Focusing on the welfare of the less well off as a measure of real societal progress is the fundamental principle underlying the WBG indicator of "shared prosperity", namely income growth of the bottom 40 percent in every country. This paper uses a database assembled by the World Bank Group to investigate some basic characteristics of shared prosperity, particularly its relationship with overall economic growth and inequality. Initial estimates using this dataset of 79 countries show that median income growth of the bottom 40 percent (circa 2005-2010) was 4.2 percent, a high number in comparison to the 3.1 percent per capita income growth of the overall population. In addition, the low and lower-middle income countries appear to be trailing the upper middle and high income countries in boosting shared prosperity. Establishing conceptual links between income growth of the bottom 40 percent, the overall growth rate and reviewing existing evidence on how these relate to inequality, the paper discusses two main ideas. First...

‣ Appraising Cross-National Income Inequality Databases; An Introduction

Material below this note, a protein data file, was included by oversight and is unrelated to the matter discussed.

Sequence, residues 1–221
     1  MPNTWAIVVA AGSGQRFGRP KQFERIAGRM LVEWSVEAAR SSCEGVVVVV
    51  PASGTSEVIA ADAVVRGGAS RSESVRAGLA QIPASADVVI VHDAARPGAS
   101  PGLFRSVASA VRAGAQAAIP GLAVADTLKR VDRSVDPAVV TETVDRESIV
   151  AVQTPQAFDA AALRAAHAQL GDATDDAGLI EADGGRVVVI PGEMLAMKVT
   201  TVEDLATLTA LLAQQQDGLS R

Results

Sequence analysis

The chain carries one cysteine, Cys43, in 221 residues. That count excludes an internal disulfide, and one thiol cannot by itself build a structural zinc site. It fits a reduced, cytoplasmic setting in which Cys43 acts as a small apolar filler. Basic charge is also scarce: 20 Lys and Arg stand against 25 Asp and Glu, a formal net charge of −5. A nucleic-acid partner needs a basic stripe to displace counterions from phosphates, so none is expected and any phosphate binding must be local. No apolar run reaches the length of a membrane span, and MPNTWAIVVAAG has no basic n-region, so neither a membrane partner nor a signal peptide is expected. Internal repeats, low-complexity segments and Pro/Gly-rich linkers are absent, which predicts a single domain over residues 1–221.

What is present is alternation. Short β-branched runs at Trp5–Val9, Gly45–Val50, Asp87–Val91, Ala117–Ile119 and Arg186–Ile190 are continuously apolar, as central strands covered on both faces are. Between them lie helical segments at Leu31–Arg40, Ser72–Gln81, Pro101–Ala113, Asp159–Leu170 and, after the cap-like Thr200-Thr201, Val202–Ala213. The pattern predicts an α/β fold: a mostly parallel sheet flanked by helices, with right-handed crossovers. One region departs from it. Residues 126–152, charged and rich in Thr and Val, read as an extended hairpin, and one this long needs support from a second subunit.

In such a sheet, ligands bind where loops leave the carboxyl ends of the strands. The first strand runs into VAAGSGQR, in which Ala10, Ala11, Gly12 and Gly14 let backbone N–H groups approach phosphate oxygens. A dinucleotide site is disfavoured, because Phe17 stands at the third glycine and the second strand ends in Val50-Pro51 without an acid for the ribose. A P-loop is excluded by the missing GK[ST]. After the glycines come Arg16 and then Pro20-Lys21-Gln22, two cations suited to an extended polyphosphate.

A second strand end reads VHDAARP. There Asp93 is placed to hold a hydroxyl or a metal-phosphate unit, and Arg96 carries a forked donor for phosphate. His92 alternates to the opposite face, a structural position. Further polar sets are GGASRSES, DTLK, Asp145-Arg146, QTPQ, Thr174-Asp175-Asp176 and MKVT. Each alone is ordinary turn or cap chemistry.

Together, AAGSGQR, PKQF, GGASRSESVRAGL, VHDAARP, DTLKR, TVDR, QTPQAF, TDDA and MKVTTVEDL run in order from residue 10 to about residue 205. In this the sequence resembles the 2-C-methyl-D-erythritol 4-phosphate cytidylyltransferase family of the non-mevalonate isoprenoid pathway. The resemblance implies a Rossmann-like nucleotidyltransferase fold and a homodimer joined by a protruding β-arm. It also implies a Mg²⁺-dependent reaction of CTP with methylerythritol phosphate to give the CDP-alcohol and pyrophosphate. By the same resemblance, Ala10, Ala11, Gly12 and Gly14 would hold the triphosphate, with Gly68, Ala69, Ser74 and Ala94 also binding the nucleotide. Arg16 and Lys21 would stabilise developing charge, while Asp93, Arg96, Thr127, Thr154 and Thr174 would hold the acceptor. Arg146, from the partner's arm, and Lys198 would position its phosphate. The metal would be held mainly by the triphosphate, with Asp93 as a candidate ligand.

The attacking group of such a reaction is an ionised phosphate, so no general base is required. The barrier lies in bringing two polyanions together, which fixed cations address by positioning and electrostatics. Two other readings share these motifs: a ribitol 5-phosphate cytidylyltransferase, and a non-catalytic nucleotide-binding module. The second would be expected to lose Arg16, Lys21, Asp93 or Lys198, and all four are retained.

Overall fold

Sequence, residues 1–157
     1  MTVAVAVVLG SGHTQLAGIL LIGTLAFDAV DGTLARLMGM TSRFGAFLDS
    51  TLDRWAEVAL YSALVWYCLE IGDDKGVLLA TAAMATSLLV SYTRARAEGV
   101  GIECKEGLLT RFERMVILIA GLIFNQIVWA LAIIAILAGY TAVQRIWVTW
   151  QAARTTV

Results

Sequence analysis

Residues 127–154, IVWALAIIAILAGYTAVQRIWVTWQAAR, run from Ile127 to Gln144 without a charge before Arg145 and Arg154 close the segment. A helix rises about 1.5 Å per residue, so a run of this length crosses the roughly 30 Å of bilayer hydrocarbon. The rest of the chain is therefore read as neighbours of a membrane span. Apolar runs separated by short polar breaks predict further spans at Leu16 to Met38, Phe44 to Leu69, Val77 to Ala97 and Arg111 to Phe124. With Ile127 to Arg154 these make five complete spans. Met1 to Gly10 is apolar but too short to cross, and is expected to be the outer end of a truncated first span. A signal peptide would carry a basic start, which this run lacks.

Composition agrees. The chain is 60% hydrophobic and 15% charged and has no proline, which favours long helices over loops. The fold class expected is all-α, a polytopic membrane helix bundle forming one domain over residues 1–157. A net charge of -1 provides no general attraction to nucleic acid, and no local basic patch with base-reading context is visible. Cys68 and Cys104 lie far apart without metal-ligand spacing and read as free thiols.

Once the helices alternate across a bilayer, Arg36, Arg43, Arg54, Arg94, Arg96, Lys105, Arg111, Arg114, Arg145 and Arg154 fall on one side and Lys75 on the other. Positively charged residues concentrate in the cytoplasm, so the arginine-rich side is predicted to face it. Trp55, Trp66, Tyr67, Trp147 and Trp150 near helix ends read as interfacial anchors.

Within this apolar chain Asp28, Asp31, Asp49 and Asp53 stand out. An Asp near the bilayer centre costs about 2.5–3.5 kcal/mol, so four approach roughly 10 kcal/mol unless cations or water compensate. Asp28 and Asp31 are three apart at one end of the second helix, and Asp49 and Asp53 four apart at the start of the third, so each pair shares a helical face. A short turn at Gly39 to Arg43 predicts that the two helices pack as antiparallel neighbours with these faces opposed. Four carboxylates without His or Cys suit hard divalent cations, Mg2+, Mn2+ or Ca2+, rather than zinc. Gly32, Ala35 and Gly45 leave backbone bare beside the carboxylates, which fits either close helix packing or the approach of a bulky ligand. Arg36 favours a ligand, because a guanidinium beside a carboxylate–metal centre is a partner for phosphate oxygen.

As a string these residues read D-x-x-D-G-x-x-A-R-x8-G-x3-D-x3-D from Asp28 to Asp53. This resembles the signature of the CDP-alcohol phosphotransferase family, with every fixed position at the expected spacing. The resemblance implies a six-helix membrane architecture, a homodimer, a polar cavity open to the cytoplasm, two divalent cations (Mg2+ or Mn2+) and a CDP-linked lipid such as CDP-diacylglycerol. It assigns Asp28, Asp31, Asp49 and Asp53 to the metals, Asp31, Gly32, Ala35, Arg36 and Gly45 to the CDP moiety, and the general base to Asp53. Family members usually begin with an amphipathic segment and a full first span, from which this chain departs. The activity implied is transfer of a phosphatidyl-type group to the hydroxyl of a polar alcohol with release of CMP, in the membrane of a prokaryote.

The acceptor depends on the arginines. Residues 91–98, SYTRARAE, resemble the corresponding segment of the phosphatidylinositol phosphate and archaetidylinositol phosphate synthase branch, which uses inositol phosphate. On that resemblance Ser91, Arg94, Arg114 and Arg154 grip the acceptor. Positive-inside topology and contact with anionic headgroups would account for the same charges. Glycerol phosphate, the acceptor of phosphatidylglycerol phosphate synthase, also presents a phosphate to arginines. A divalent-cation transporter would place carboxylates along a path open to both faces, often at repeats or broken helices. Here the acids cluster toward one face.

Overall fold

Ferreira, Francisco H. G.; Lustig, Nora; Teles, Daniel
Fonte: World Bank, Washington, DC Publicador: World Bank, Washington, DC
Tipo: Working Paper; Publications & Research :: Policy Research Working Paper; Publications & Research
Português
Relevância na Pesquisa
57.912666%
In response to a growing interest in comparing inequality levels and trends across countries, several cross-national inequality databases are now available. These databases differ considerably in purpose, coverage, data sources, inclusion and exclusion criteria, and quality of documentation. A special issue of the Journal of Economic Inequality, which this paper introduces, is devoted to an assessment of the merits and shortcomings of eight such databases. Five of these sets are microdata-based: CEPALSTAT, Income Distribution Database, Luxembourg Income Study, PovcalNet, and Socio-Economic Database for Latin America and the Caribbean. Two are based on secondary sources: All the Ginis and the World Income Inequality Database; and one is generated entirely through multiple-imputation methods: the Standardized World Income Inequality Database. Although there is much agreement across these databases, there is also a nontrivial share of country/year cells for which substantial discrepancies exist. In some cases...

‣ Economic inequality as a source of interpersonal violence: Evidence from Sub-Saharan Africa and South Africa

Harris,Geoff; Vermaak,Claire
Fonte: South African Journal of Economic and Management Sciences Publicador: South African Journal of Economic and Management Sciences
Tipo: Artigo de Revista Científica Formato: text/html
Publicado em 01/01/2015 Português
Relevância na Pesquisa
57.50493%